Whether you’re a nurse, physician, or any number of healthcare professionals, it now feels more important than ever to take a step back and focus on your mental wellbeing.
That’s especially true for workers on the front line and behind the scenes who continue the battle against COVID-19.
Health worker’s importance in the fight against the pandemic is undeniable – but their work can easily lead to mental and emotional struggles. The day-to-day physical and emotional labor takes quite a toll even on the most experienced medical professionals.
Here’s a look at some important ways every healthcare worker can successfully protect their mental health.
The Importance of Self-Care
Most healthcare professionals are trained to put patients first. Unfortunately, self-care is not always prioritized among clinicians – as they may fear judgment from others or feel selfish at the thought of attending to their own needs. However, practicing self-care is an important tool to coping with the stress, workload, and demands of their profession.
Recent evidence has pointed to the importance of balancing a worker’s personal needs and the needs of others. Self-care has been identified as the first line of defense for healthcare workers to manage COVID-19 patient care demands, including its disruption of normal life routines.
Steps for Practicing Self-Care
- Eat a well-balanced diet and exercise: Taking care of yourself starts with how you fuel your body so that you can use your energy to its utmost potential. Remember to always eat a variety of wholesome, vitamin-rich foods, with limited portion sizes, and drink plenty of water. Your overall health will thank you for it. And keep moving, even when you don’t feel like you have the time. You can always fit in fitness, which does wonders for your mental and physical well-being.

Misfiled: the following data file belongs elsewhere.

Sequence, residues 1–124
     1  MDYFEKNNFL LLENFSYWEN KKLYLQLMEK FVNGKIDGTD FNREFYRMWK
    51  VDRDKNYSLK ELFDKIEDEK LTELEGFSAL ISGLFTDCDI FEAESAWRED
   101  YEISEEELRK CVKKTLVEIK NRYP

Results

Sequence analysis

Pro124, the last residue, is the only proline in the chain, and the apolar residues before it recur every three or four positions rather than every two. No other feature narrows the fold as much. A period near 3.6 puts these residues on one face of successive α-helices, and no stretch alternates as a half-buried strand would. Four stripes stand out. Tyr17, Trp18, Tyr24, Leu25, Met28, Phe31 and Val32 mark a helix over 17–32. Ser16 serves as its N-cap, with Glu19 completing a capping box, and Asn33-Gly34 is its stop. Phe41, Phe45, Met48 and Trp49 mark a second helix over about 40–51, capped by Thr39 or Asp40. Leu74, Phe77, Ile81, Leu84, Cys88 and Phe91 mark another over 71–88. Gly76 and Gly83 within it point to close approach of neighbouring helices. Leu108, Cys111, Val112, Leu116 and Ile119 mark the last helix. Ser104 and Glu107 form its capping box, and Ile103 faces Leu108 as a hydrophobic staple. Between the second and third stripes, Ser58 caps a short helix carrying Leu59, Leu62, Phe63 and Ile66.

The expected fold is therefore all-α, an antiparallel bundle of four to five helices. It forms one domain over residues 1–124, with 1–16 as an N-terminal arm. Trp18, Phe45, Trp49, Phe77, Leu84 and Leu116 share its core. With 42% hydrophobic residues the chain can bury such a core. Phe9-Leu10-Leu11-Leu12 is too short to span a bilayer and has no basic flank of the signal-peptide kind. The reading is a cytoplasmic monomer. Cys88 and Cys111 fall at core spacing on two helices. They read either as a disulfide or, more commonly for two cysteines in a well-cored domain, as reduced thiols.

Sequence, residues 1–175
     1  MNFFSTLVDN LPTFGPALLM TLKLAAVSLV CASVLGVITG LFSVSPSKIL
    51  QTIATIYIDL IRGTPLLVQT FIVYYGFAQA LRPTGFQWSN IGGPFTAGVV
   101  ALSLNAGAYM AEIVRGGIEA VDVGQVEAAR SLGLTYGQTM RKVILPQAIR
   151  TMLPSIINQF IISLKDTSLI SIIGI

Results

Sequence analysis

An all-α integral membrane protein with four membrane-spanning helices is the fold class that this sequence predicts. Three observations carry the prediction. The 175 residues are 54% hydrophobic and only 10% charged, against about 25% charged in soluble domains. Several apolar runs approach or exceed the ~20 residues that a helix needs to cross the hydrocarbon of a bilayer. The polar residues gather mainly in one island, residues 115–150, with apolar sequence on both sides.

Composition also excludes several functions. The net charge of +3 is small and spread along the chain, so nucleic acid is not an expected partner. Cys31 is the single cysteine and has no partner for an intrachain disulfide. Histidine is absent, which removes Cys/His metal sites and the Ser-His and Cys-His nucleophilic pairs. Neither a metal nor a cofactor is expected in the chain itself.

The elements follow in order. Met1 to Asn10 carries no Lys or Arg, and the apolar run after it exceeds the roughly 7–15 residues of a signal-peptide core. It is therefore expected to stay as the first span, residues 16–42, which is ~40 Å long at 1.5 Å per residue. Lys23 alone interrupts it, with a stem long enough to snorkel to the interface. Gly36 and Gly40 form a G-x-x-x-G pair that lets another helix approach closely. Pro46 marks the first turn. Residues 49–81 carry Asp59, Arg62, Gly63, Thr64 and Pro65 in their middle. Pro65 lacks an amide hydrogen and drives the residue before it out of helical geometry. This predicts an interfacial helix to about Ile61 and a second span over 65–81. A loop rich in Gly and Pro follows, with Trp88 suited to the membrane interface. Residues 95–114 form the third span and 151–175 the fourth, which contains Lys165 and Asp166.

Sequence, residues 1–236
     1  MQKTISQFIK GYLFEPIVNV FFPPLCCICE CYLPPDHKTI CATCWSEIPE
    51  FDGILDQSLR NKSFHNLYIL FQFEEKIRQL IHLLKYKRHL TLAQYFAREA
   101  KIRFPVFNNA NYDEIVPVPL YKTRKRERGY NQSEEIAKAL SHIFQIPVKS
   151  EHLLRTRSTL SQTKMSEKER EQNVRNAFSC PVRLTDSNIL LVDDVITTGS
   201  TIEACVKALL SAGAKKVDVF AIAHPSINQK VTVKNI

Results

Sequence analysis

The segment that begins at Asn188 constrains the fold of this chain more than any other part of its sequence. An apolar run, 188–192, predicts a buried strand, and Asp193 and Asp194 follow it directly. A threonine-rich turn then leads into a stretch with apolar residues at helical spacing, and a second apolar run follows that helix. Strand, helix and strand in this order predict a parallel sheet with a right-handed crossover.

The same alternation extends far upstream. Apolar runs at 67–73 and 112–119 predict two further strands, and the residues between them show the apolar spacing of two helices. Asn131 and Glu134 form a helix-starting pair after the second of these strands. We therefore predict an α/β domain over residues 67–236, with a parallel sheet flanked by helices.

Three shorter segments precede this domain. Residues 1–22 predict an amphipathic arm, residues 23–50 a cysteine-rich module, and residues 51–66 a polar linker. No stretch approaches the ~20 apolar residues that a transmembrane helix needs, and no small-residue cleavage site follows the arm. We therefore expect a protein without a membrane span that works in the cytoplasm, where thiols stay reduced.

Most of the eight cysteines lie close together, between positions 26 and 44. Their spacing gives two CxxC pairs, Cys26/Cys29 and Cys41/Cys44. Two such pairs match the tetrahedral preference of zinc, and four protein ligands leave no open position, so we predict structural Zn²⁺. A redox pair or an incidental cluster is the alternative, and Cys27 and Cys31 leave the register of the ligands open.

- Remember to stretch: Tension due to stress can affect your vision, cause headaches, create digestive issues – not to mention cause severe discomfort in your back and shoulders. Stretch every day, and often! Sitting for long periods of time is very damaging to your health. And if your budget (or benefits) permit, try massage therapy. Massage reduces psychological stress but can also reduce blood pressure and help to regulate your heart rate.
- Get more sleep: Quantity and quality of sleep matter. Sleep has a direct impact on your physical and mental health. Experts recommend 7 to 9 hours of sleep a night for the average adult. And if you’re limited with nighttime sleep, napping, when done.
- Move Away from digital screens: You’re guaranteed to find more time to care for yourself if you begin to make the conscious choice to put down your phone, shut down the laptop or turn off the television. Mindless scrolling through TV shows or on the Internet (apps like Facebook, for example) swallows up more time than you realize and also prevents you from falling asleep. That time could be much better spent on making your life feel more complete.
- Get outside: Exercising indoors is great, but moving your body outside has been proven to scientifically change your body chemistry. Proper exercise releases more happy endorphins and significantly improves your mental clarity.
As a leading family- and woman-owned healthcare employment agency, SpotOn Recruiting is experienced in helping physicians, nurse practitioners, and physician assistants find great jobs nationwide. If you’re a health professional looking to make your next career move, visit our website and see how our experienced team can help you meet your goals!